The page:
Wendy Kalman
There are many ways to see and understand


Day in and day out, I follow the news. I don’t just read it, I sometimes share stories on social media. I sometimes react to or comment on others’ posts too. And sometimes I get into discussions with people on different ends of the political spectrum. In all my years of social media activity (and boy, am I active), I’ve only unfriended someone once because of political views. And that is because I understood words of his to flat out deny Israel’s right to exist and the tone was, in my estimation, anti-Semitic as well. Afterwards, a mutual acquaintance tried to understand what happened, and I saw then as we went over it, that I might’ve misinterpreted.

I tell this because this has been a difficult news week. We’ve all seen ugliness in how people reacted to the Kavanagh nomination process. And still, even when disagreeing with opinions of fellow high school classmates, for instance, I’ve not unfriended anyone. I’ve seen many go that route or advise others to, but I cannot.

To eliminate people from my universe just because I do not agree with their views, will leave me in an insulated universe in which I am unaware of any but my own. That’s not for me. I want to understand how others think, even if I disagree with them. Sometimes, I try to correct a misconception (how I wish people would not post memes without actually searching to verify the veracity of the quotes being attributed to the people whose pictures they are written so boldly on). Sometimes I try to argue a specific point. On those rare occasions that I get acknowledgement on that narrow point (boy, how many do enjoy whataboutism and deflecting, no matter what the topic!), it feels like a pyrrhic victory, because so much else associated with the error is still believed.

I understand that people prefer to fit what goes on in the world to the narrative they carry around in their head. My theory is that it is tied to pride and self-esteem. To change tracks would be to admit they were wrong in where they were going, and heaven forbid that happen. The emperor’s new clothes and all that.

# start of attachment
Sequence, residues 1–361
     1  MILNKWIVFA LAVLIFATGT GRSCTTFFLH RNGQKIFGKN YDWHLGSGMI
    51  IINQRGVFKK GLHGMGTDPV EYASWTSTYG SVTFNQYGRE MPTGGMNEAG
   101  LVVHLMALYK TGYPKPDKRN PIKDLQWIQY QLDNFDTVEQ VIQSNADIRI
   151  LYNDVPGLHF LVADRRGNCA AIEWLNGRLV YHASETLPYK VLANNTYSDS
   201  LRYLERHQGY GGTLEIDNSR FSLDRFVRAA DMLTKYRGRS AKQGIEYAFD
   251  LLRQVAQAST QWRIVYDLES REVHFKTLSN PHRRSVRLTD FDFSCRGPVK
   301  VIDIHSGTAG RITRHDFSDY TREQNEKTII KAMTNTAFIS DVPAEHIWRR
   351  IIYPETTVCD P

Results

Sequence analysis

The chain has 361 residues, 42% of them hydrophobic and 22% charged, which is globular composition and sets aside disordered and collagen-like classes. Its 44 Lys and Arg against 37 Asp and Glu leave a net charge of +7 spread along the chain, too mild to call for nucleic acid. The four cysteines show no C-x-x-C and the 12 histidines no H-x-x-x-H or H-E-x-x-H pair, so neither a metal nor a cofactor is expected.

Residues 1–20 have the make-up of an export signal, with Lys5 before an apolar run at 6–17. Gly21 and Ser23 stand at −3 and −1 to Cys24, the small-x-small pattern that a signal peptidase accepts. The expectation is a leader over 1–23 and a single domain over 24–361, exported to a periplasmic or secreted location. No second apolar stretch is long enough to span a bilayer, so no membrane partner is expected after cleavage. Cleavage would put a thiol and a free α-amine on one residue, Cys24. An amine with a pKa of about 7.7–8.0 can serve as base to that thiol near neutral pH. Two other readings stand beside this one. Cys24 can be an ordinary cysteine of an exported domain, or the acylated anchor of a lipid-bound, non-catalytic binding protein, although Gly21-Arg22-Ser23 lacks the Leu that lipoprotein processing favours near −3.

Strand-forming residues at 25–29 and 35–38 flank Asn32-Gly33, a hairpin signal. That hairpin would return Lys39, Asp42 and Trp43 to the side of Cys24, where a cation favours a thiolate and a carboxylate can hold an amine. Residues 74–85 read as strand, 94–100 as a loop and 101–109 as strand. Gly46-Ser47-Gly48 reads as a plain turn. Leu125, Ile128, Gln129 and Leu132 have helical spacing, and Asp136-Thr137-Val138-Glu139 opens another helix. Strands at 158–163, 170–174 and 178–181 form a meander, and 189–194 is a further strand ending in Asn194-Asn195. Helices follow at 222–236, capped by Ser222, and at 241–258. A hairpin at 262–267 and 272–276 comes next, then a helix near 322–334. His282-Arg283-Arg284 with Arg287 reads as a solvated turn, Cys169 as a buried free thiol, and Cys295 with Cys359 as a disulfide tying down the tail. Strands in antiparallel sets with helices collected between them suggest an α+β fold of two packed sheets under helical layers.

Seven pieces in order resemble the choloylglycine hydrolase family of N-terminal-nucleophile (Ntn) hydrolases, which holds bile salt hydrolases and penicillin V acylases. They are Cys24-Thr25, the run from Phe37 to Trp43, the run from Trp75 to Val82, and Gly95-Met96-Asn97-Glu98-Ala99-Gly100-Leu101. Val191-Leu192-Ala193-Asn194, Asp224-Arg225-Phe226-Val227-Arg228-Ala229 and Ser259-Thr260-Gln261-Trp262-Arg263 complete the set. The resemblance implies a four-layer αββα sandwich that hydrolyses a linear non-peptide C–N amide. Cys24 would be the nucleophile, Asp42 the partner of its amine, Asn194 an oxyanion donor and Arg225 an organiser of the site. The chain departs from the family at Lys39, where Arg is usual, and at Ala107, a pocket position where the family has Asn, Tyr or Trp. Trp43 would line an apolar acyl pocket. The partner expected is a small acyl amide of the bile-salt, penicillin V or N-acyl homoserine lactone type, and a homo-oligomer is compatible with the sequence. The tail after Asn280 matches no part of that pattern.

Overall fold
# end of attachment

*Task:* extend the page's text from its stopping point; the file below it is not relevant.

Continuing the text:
But knowing this doesn’t make it any easier.

It also does not help to know how different people’s news feeds are. Not only will mine be filled with stories from the news pages I follow, but also from articles shared by my friends and the groups I belong to, all likely similar to my world view. For me to understand what the “other” side is seeing requires a bit of effort. I can search for the stories that the memes they post relate to, and find versions of it everywhere, mostly on sites that are far from the center. (I do like Media Bias Fact Check as a way to evaluate those sites I am not familiar with. Though not scientific, I find its methodology to be consistent across the spectrum.)

This tells me that there is likely a good chance that the social media news feed of those with whom I don’t see eye to eye is far different from mine. Forget seeing things in a different light, they may not even be aware of the stories that crowd mine.

And they may not even be aware of that which fills my consciousness. It goes two ways.

With print newspapers and daily news shows no longer a thing of most people’s daily lives, the news people hear is more influenced by what they want to hear than by anything else. This is a pity because it will only lead to more and more of a disconnect.

I don’t know what others do, but I’ve also always gone to Google News for a round up of stories and sources. I keep a tab open all day when I at work, just as I do for LinkedIn, and refresh it periodically.

What do you do to ensure that the news you consume is not limited to only a few sources or only sources that are already in the camp you want to stand in? How do you broaden your view to find out what others are seeing?

About the Author
Born in Brooklyn and raised on Lawn Guyland, Wendy lived in Jerusalem for over a decade submerged in Israeli culture; she has been soaked in Southern life in metro Atlanta since returning to the U.S. in 2003. An Ashkenazi mom of three Mizrahi sons, 26, 23 and 18, Wendy splits her time between corporate America, school, wedding planning, veejaying, blogging, Facebooking, enjoying the arts and digging out of the post-move carton chaos as she and her fiancé meld households.
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